Lewandowski cites relationship with Trump, ‘fundraising prowess,’ as he mulls Senate run

Corey Lewandowski says if he runs for the Senate in his home state of New Hampshire, his ability to fundraise thanks to his close relationship with President Trump would make him the most formidable Republican to face off next year against Democratic Sen. Jeanne Shaheen.

“If I decide to get into this race, I think you’ll see my fundraising prowess come to fruition very quickly,” Lewandowski argued in a sit-down interview this week with Fox News.

The ability to raise large sums of campaign cash would come in handy against Shaheen, who is already building up a formidable war chest as she runs for re-election in 2020.


Lewandowski – who managed Trump’s White House campaign from its start in 2015 through the 2016 primaries and who remains a close outside adviser to the president – generated plenty of buzz last week when he said he was seriously considering a 2020 run for the Senate in New Hampshire.

Asked if a Senate run was his idea or if Trump nudged him, Lewandowski declined to comment on his private conversations with the president.

But he stressed “that if I were to run, I don’t think somebody else could be the Trump guy in New Hampshire.”

And with the president’s approval rating sky-high among Republicans in the Granite State and across the country, his close ties to Trump would obviously be a major factor in a GOP primary that already has two declared candidates in the race.

If Lewandowski does run, he expressed hope that he would clear the primary field.

“What I would prefer,” he explained, “is to have one unified candidate who has the opportunity to run a longer campaign to focus directly on the general election….For the good of goal of defeating Jeanne Shaheen, of course, we’d want to have some cohesiveness and support among one candidate.”

Both of the Republican candidates in the race – former state House of Representatives Speaker Bill O’Brien and retired Army brigadier general Don Bolduc – say they have no intentions of dropping out of the race if Lewandowski declares his candidacy.

Lewandowski’s message: “Both of them need to decide what’s best for them and their ability to raise money to generate support within the state to hone their message of why they should be the best candidate if they decide to stay in the U.S. Senate. They can’t run as the Trump campaign person. They can’t run as somebody who supported Donald Trump three years ago because neither of them did that.”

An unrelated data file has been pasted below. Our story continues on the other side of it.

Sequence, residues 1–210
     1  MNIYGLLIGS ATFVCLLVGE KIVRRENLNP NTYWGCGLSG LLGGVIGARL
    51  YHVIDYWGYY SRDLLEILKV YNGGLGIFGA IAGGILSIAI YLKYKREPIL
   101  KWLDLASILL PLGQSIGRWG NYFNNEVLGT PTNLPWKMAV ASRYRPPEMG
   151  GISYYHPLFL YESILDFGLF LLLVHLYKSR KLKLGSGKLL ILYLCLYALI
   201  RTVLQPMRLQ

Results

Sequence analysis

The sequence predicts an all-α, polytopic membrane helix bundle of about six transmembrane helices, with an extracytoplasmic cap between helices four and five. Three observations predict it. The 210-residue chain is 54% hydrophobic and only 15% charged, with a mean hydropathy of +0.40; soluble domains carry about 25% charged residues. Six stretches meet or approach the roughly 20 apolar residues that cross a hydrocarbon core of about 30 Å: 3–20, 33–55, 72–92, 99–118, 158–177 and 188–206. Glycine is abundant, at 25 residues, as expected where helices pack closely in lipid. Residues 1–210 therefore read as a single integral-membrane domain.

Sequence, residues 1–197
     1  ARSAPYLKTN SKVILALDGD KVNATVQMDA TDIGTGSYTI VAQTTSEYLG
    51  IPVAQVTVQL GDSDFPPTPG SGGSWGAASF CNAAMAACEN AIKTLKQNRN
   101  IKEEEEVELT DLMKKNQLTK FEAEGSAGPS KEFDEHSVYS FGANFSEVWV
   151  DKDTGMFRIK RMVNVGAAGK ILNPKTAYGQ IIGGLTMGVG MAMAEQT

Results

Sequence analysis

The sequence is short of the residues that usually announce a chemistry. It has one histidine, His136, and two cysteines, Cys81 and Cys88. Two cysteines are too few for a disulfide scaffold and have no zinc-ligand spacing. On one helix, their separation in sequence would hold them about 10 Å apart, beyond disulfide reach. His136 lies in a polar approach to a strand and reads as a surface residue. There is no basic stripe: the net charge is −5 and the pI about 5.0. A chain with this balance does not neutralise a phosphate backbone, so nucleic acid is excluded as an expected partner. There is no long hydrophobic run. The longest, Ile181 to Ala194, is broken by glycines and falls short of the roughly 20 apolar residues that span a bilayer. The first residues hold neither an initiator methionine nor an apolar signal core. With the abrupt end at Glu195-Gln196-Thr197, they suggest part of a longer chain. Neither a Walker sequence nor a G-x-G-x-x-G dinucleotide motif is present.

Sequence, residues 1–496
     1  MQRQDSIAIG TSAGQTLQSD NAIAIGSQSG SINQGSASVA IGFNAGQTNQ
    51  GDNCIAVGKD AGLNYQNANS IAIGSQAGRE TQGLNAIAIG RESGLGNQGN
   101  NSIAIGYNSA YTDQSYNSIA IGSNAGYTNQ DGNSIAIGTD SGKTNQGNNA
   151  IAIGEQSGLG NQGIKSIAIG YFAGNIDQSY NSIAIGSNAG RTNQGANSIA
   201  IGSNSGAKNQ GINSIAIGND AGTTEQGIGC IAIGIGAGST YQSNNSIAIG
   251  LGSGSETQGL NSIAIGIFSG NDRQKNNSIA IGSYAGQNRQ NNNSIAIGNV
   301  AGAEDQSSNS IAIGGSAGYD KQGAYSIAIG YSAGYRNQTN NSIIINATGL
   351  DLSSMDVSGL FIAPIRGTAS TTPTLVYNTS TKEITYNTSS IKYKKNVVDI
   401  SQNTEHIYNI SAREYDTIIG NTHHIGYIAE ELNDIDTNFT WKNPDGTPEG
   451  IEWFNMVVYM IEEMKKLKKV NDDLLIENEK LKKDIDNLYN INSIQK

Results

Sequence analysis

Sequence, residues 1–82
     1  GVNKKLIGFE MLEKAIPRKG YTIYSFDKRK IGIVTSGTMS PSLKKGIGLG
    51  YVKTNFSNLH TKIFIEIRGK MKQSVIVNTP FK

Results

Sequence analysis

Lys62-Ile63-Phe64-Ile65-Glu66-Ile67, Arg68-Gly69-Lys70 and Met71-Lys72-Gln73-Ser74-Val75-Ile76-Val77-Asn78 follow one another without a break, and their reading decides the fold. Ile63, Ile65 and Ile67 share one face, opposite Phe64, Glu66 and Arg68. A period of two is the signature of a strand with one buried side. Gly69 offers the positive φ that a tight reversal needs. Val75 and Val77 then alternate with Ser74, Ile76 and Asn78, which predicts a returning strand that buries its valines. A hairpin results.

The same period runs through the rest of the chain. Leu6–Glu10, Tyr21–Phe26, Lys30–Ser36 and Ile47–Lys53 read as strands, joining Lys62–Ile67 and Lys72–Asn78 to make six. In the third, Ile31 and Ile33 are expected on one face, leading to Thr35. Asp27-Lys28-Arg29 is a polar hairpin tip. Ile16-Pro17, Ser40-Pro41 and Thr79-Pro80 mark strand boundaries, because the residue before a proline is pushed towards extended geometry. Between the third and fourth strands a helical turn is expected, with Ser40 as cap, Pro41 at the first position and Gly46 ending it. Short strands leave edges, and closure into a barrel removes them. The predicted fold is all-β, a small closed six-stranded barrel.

He emphasized “I will run as the Trump candidate….I think in a Republican primary that’s a very difficult thing to beat if I choose to get in.”


Lewandowski said he would ask for Bolduc and O’Brien to support him if runs. And he predicted, “I don’t know if either of those two candidates, if I get in the race, stay in the race.”

While Lewandowski could be tough to beat if he runs for the GOP nomination, the general election’s a different story.

Shaheen, a former governor who’s running for a third six-year term in the Senate, remains popular among Democrats and independent or undeclared voters – who make up around 40 percent of New Hampshire’s electorate.

While Trump came extremely close to winning the state’s four electoral votes in the 2016 election – he lost to Democratic nominee Hillary Clinton by less than 3,000 votes – his poll numbers in the Granite State remain underwater.

And Lewandowski, like Trump, is known as a very controversial and polarizing figure.

The state Democratic Party – as expected – slammed Lewandowski, telling Fox News he’s a "craven lobbyist" who would "strip away Granite Staters' health care.”

And a leading GOP establishment figure, former governor and senator Judd Gregg, told TV station WMUR that Lewandowski is a “thug.”

Asked how he could win over moderate voters who will likely determine the outcome, Lewandowski said, “look, I’m unapologetic about my beliefs.”

“I think the people of New Hampshire want someone who stands up and believes in what they say, fights for their values, and look, people in New Hampshire know I’m a fighter," he said. "There’s no question about that. I fight for what I believe in.”

Lewandowski was interviewed at his lakeside home in Windham, an affluent community in southern New Hampshire. He grew up in a working-class family in nearby Lowell, Massachusetts, but has profited in recent years thanks to his success as a political operative and commentator for cable news networks and through his lobbying firms.

Before the interview began Lewandowski and this reporter watched the president’s nationally televised address on Monday in the wake of the mass shootings last weekend in El Paso, Texas and Dayton, Ohio.

Saying “I have been the biggest advocate of the Second Amendment,” the potential candidate emphasized that “we have to make sure we’re doing a better job on background checks, we have to diagnose mental health issues and we have to do a better job on tracking social media.”

New Hampshire is viewed as a key battleground state and saw competitive Senate races in both the 2014 and 2016 cycles. Republicans see Shaheen's seat as a potential pick-up as they play defense elsewhere in 2020 as they seek to hold their 53-47 majority in the chamber.

Lewandowski argued that “the people of New Hampshire have been ill-served by Jeanne Shaheen for the last 12 years.”

And he pledged that if he were to win the seat, “it would probably be a one-term or two terms maximum…I believe in term limits for senators and congressmen.”